Animal-related (zoonotic) diseases are diseases that affect both humans and animals. SJBPH’s goal it to protect residents from bacterial and viral diseases transmitted by mammals, mosquitos, ticks, and fleas. Some of these diseases have long been present in the State of Colorado while others have recently emerged. These diseases are hantavirus, plague, rabies, tularemia, and West Nile virus.
SJBPH would like to remind residents to be rabies aware, not just for themselves but for their pets as well. Any wild mammal, such as raccoon, skunk, fox, coyote, or bat can have rabies and transmit it to people or domesticated animals through a bite. Bats are by far the most common carriers of rabies in Colorado including La Plata and Archuleta counties. Bats should never be in your home; if a bat is present in your home, it should be safely captured and tested for rabies.
Reporting Animal Bites
The Communicable Disease team works closely with providers, hospitals, and animal control partners to assess human and domestic pet exposure to rabies reservoir species. Animal bites are a reportable condition and must be immediately reported to public health.
Travelers also might be exposed to canine rabies in certain other countries. Vaccinating pets, avoiding contact with wildlife, and seeking medical care if one is bitten or scratched by an animal are the most effective ways to prevent rabies. Understanding the need for timely administration of Post-Exposure Prophylaxis (PEP) to prevent death is critical.
To report an animal die-off or a diseased rodent, call 970-335-2004.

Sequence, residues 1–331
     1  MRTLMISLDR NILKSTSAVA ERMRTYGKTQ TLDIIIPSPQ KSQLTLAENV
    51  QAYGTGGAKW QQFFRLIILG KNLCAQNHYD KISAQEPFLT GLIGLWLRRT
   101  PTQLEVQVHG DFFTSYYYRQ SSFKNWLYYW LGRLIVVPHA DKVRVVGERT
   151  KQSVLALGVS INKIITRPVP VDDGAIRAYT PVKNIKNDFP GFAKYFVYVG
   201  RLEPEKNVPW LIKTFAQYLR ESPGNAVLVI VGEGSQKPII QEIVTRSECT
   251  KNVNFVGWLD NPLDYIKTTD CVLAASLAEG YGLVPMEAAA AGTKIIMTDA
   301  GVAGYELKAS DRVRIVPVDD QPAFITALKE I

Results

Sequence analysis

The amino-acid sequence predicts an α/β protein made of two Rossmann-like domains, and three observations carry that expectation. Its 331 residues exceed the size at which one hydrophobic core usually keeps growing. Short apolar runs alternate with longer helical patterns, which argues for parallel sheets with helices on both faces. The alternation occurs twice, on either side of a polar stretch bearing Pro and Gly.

Zoonotic Diseases in Our Area
Rabies is a fatal but preventable viral disease. It can spread to people and pets if they are bitten or scratched by a rabid animal. Rabies is mostly found in wild animals like bats, raccoons, skunks, and foxes. Read more from the CDC.
Hantavirus affects the lungs and is spread to people by infected rodents, especially the deer mouse. Infection can lead to a serious complication that is fatal about 40% of the time. Read more from the CDC.
Plague is a disease that affects humans and other mammals and is caused a bacterium. Humans usually get plague after being bitten by a rodent flea that is carrying the bacterium, or by handling an animal infected with plague. Read more from the CDC.
Tularemia is caused by a bacterium. Also known as “rabbit fever,” tularemia is most often found in rabbits, rodents, and hares, and can be carried by ticks, deer flies, horse flies, and mosquitoes. Read more from the CDC.
West Nile virus is spread by the bite of an infected mosquito. There are no vaccines to prevent or medications to treat West Nile virus in people. While many who are infected do not feel sick, about 1 in 5 develop a fever and other symptoms. About 1 out of 150 infected people develop a serious, sometimes fatal, illness. Read more from the CDC.
Remember, it is not uncommon to find dead animals or birds. Animals and birds die every day from natural causes, predators, or disease. It is important to report suspicious deaths to your local health department so that they can be documented, and a decision made to determine if a test is necessary to determine if the cause of death is associated with a zoonotic disease.